Unfortunately, trading isn’t right for everyone. Not only does it come with a number of inherent risks, but it also requires the trader to know their market and it’s potential. While some forms of investment are as simple as handing over money and waiting for a return, trading is a complex form of investment that can bankrupt anyone who doesn’t know what they are doing.
Trading vs. Investing
One common mistake is to consider ‘trading’ and ‘investing’ as the same thing. These are two completely different things that involve working with the same types of financial instruments. Investorsaccrue assets for long-term value in hopes of profiting over time. Their aim is to build a portfolio and then leave it alone to gain as much value as possible. Traders on the other hand constantly buy and sell stocks, bonds, and derivatives to make a profit immediately. Trades yield less profit but offer faster returns, and typically require more work.
Are You Good with Numbers?
Investment of any sort requires you to be good with basic maths, but financial trading requires that you not only be able to put two and two together, but also that you be able to anticipate what the markets are going to do. Trading in stocks, bonds, or derivatives requires that you pay attention to real time hourly trades, daily charts, and multiple time frames, although you should most likely only invest in one. So, for example, if you choose to trade on hourly charts, you should also pay attention to day charts to ensure that you get the full picture.
Can You Accept Risks?
Another thing to consider is that trading is all about risk. If you make a trade and you lose, then you lose money fairly quickly. Traders have to be willing to accept inherent risks, especially when trading derivatives where there is an essential amount of risk. Anyone without the mental or financial ability to sustain risk or loss has no real business financial trading. For example, while trading derivatives like options lowers initial cost, it can increase the risk exponentially. Purchasing 100 options on stock typically costs less than 20% of the cost of the stock itself, yet if all goes well, it can net the investor as much as 70 or 80 percent in returns. By the same risk system, a stock option purchased for $3 may just as easily fall to $1 rather than rising to $5, meaning that the investor loses money.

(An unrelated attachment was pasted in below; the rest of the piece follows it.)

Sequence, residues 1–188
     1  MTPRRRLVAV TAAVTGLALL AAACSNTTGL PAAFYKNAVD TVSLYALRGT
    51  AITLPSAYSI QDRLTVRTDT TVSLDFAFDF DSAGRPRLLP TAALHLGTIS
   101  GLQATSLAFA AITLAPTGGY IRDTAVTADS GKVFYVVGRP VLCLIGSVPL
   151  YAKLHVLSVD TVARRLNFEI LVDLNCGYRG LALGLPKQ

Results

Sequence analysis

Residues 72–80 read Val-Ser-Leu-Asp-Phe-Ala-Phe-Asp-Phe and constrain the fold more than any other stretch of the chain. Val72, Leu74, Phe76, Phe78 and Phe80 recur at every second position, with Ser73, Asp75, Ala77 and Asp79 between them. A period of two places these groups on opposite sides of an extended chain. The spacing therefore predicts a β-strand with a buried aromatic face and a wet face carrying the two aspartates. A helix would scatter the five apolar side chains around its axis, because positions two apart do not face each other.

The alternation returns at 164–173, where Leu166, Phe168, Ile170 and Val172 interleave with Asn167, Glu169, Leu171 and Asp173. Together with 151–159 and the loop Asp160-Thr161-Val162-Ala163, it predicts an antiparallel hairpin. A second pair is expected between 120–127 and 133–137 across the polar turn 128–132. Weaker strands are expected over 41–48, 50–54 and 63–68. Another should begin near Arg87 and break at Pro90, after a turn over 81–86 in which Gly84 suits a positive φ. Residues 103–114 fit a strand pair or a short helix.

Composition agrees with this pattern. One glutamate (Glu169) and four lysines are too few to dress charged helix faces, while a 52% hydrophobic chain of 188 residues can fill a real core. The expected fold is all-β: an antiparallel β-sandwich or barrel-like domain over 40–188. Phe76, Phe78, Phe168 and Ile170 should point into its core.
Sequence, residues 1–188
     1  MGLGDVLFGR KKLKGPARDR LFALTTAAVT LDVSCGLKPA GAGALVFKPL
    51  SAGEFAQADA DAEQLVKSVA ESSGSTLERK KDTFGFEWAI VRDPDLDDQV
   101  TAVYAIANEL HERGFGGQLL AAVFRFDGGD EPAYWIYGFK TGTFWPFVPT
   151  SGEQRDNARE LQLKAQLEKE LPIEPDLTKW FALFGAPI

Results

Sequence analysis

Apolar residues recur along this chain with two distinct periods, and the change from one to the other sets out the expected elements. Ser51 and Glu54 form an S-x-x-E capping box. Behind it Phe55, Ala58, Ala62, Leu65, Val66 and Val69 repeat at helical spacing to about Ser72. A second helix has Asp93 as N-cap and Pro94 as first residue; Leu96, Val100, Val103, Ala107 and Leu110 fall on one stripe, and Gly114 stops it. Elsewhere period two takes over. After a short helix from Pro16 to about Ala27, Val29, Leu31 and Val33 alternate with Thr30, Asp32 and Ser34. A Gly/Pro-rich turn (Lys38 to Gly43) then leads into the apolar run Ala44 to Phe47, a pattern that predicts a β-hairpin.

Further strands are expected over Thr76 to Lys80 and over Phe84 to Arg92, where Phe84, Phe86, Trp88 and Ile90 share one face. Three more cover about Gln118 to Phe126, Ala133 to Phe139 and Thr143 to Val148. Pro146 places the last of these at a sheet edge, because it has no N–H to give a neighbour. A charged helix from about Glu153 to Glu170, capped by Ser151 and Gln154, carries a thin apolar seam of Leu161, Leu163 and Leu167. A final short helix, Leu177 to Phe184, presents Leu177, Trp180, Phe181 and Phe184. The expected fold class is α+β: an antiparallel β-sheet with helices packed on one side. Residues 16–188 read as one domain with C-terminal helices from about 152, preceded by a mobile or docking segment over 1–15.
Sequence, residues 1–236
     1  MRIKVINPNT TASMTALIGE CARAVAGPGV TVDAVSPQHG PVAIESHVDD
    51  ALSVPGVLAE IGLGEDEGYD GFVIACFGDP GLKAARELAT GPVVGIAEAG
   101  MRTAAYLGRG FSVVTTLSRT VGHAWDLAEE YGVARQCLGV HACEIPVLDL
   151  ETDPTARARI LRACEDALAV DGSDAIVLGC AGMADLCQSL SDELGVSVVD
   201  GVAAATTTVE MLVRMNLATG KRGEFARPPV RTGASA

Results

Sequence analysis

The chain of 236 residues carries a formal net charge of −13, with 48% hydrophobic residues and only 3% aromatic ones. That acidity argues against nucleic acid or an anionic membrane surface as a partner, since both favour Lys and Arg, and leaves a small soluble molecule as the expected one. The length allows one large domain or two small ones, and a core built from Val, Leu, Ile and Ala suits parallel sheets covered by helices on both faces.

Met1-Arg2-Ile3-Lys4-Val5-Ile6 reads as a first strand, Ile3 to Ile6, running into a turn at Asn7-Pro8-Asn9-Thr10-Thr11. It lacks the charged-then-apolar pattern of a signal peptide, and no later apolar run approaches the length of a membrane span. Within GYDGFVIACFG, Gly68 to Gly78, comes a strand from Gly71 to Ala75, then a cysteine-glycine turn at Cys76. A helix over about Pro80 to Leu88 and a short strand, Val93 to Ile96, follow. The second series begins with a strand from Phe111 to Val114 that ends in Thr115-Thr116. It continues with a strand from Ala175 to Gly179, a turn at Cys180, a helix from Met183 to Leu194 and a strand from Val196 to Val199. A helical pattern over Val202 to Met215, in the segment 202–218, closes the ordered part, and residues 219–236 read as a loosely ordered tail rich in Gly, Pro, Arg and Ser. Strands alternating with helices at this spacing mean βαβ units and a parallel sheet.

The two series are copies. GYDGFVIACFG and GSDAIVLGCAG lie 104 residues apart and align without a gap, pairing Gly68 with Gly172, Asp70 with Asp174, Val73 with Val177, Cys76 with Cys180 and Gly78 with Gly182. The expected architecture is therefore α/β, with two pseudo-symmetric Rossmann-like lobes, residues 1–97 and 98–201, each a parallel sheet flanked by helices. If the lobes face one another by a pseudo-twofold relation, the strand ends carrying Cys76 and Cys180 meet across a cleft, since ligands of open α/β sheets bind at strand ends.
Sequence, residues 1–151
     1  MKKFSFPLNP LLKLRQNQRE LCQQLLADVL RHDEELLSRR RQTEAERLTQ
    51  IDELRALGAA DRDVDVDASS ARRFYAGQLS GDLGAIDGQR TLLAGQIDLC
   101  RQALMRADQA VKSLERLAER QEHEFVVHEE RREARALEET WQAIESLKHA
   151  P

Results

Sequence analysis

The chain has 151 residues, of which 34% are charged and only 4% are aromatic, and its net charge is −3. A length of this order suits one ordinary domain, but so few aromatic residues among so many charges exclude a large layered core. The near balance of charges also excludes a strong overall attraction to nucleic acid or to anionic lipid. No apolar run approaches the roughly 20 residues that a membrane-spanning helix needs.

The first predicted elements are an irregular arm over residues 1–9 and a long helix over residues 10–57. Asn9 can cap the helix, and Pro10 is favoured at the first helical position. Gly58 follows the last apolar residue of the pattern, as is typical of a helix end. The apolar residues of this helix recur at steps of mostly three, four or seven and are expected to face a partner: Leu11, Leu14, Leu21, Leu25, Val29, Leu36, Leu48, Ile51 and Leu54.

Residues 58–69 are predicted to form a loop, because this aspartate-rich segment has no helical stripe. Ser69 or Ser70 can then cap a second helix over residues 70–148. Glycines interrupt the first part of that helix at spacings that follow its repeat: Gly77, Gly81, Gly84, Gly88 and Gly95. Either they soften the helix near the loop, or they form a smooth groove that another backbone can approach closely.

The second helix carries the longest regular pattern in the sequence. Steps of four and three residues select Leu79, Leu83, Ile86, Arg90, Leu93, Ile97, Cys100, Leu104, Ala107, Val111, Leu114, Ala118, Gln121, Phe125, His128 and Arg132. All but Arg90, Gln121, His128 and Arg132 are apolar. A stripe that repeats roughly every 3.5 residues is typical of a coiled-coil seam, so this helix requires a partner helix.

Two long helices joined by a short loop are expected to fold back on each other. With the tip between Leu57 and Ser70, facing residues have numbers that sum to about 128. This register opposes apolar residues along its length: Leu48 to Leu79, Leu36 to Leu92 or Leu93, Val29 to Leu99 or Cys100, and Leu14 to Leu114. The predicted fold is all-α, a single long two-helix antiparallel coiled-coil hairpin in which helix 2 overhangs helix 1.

Financial trading is a complex pastime that requires research and study. While it is by no means necessary to become an investment expert, it is necessary to have a good idea of how the market works in order to understand and estimate it better. Even for traders who plan on handing most of the work off to a stock broker or investment specialist, it is still important to understand how trading works.
Financial trading is definitely not for everyone, and for the most part, it is really only suitable for people who have the extra money to invest. Because of inherent risks, it is never a good idea to step into a market in an effort to increase your kid’s college fund or your own retirement fund. Unless you have expendable money with which to invest, trading is not a good idea.
On the other hand, if you do have the money to spare, take your time to learn your market, and then get started trading. Whether you start out with stocks and bonds or OTC derivatives is up to you, but just make sure that you’re prepared for the risk and prepared to study your market as much as possible before spending your money.